The financial collapse. Digital transformation. COVID-19. The Great Resignation. Over the last 15 years, the business environment has undergone some seismic shifts, forcing leaders to adapt and evolve their styles to meet the unique challenges of each period.
Not unlike the business environment itself, the operational skills, emotional engagement, and individual characteristics leaders need today are vastly different than they were in 2007. “What worked coming out of the housing market collapse is different than what’s needed post-pandemic,” says Dennis Baltzley, global head of leadership development solutions at Korn Ferry. Whereas coming out of the financial crisis leaders needed to take charge and put guardrails around risk and innovation, as business returns to pre-pandemic levels, a completely new leadership profile is emerging. Baltzley says the work of the post-pandemic leader is to move information and energy through the organization, sort of like an electrical conductor. “The goal now is to reduce organizational friction,” he says.
Baltzley and Khoi Tu, global head of the culture and change practice at Korn Ferry, traced how leadership has evolved since the financial crisis and identified four leadership profiles to coincide with the times. Here’s a look at each style relative to what was happening in the business environment at the time.
The hero leader
The widespread fraud associated with the subprime mortgage crisis shook both Wall Street and Main Street. The loss of not only jobs, but also retirement savings and even homes resulted in a massive reevaluation among consumers, employees, and investors in who they put their trust in. They didn’t want risk-takers or even innovators. What they wanted was consistency, security, and reliability.
From a leadership perspective, that meant CEOs with a strong track record and proven ability to deliver on commitments. It meant hierarchical organizational structures with clearly defined roles and responsibilities for executing the leader’s singular vision. Think leaders like Amazon’s Jeff Bezos or Starbucks’ Howard Schultz, who combined laser-like customer understanding with the ability to standardize and localize services on a global scale. “It was a time when teamwork was talked about, but a single leader did all the talking,” says Baltzley.
The collaborative leader
Following the financial crisis, business went on a massive growth streak — both financially and in terms of size and complexity. The end of the financial crisis marked the beginning of a 128-month long financial expansion in U.S., the longest in history.
The explosion in digital products and services ushered in not just new ways of doing business, but also new ways of leading businesses. Leaders realized they could no longer do it alone. It was a murky time when leaders collaborated but only through a tightly chosen network of senior executives. They were team-focused — this period amplified the matrixed organizational structure — but only insofar as it pertained to executing their instructions. “The leader as an iconic point of focus gave way to gifted teams managing extraordinarily complex businesses in rapid change,” says Khoi Tu.
The leader as orchestra conductor
Everything was going along nicely. Organizations were growing in scale and complexity, but leaders were effectively — and profitably — running them via a team-based cross-enterprise architecture. We saw the rise of end-to-end value creation and supply chain thinking. Then the pandemic hit. Entire economies were shut down. More than 140 million jobs were lost globally. And our entire way of working, along with our collective attitude about work, changed overnight.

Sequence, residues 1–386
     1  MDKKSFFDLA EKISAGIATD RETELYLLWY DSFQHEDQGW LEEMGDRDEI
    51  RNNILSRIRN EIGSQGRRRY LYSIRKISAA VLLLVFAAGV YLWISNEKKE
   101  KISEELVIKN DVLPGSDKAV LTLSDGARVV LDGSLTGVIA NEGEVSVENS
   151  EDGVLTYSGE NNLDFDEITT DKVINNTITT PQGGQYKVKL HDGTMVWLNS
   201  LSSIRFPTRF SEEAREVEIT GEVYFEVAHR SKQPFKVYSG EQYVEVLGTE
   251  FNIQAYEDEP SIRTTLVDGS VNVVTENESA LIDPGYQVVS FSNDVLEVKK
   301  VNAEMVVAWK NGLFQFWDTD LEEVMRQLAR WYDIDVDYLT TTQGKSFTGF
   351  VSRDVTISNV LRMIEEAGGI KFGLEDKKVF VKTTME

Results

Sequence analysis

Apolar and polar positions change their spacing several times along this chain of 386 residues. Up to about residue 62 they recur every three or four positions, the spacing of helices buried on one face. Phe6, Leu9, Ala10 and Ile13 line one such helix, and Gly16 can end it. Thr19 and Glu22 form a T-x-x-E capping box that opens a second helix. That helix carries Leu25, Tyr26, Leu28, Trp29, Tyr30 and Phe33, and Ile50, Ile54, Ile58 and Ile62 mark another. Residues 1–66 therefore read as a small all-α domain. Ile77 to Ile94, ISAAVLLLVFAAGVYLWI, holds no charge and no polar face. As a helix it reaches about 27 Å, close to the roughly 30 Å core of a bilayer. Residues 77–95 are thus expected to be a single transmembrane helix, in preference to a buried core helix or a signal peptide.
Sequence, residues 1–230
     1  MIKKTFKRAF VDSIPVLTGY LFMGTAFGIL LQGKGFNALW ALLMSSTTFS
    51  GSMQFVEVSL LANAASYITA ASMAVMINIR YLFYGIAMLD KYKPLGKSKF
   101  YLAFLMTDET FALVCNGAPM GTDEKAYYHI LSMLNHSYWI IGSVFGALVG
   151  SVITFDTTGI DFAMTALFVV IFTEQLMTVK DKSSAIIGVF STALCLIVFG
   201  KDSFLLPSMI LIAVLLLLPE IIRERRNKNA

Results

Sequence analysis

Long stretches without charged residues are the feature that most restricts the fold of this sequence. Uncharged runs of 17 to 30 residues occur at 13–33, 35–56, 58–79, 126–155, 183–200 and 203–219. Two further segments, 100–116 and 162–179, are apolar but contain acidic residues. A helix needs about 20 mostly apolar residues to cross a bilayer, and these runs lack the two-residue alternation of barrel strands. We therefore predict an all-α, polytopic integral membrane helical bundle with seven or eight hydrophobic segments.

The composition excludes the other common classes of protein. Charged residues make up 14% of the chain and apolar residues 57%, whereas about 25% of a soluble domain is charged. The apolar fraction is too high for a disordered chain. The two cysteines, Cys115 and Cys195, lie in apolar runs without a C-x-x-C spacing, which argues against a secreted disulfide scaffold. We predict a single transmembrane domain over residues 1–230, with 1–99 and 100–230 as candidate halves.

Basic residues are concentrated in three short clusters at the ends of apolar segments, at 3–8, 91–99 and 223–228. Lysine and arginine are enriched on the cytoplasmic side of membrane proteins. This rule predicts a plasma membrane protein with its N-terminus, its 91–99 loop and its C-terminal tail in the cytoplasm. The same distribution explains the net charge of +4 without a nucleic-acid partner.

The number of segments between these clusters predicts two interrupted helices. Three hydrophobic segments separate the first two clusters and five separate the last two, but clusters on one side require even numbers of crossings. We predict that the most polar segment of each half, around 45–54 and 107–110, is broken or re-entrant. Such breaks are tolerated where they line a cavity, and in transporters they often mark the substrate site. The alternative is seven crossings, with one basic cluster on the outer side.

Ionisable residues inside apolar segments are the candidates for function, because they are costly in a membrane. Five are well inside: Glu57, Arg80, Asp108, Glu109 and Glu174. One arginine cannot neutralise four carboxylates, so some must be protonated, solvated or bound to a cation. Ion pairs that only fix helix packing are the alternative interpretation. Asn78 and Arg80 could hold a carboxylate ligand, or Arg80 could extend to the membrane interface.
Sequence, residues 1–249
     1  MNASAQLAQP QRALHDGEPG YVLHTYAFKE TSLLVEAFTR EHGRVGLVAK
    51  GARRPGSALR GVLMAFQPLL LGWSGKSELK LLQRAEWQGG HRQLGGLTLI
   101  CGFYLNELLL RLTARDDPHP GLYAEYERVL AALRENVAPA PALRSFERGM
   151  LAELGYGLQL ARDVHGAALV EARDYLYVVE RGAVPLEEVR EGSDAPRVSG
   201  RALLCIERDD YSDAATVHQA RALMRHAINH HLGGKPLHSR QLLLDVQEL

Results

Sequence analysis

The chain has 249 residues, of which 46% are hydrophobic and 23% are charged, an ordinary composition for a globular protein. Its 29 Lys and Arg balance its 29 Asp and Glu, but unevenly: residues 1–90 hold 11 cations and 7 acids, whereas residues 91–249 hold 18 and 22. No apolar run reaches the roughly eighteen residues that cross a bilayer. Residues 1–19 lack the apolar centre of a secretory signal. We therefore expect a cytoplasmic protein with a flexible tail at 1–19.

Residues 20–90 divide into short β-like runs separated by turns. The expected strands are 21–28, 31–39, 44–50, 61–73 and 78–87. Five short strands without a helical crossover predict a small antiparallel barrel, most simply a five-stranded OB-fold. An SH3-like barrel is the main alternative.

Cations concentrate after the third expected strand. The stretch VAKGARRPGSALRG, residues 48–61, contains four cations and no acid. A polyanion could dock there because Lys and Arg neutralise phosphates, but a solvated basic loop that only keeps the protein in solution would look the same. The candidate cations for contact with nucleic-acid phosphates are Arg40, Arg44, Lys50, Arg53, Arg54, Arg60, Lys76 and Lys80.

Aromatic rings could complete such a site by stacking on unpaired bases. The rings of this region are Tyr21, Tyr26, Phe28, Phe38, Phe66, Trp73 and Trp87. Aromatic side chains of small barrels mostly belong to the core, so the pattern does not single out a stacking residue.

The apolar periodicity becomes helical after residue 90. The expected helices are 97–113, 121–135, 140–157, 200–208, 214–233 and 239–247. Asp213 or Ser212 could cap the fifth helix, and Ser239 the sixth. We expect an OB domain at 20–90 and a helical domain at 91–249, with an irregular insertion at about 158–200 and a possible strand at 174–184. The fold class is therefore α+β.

Leaders were used to continuous change, but this was a different kind altogether. They needed to rally — and fast. Leaders needed to quickly adapt their business models, cascade information around the globe, and get everyone aligned around a common goal. They needed to do this while also safeguarding the health and wellness of their employees and their families.
Leaders during this time acted as orchestra conductors, says Tu, choreographing the company’s disparate units but leaving the playing to them, in part because the pandemic forced them to. Their job was to provide direction and timing. Companies that didn’t adapt fast enough didn’t survive. “It was all about keeping the same beat,” says Tu.
The leader as electrical conductor
If the pandemic taught leaders anything, it is that speed is not just a competitive advantage, but also necessary for survival. Those businesses that were able to shift to e-commerce or pivot operations succeeded while those that couldn’t often ended up closing, sold, or in bankruptcy.
But speed without empowerment is like running alone. Leaders who review, correct, or approve every decision at best slow things down, and at worst keep them from moving forward. Instead, building on the adaptive capabilities of the orchestra leader, the post-pandemic leader must now operate like an electrical conductor, connecting people and resources in the most seamless way possible to encourage faster decision-making and innovation. Trust is needed now just as much as it was during the financial crisis, but the difference is that it is the leaders who need to trust their people to make the right choices. Organizations, says Baltzley, need leaders who are experts at capturing and creating opportunities from the fast flow of knowledge. He says the key leadership skill, and paradox, they must master now is “how to lead without being in charge.”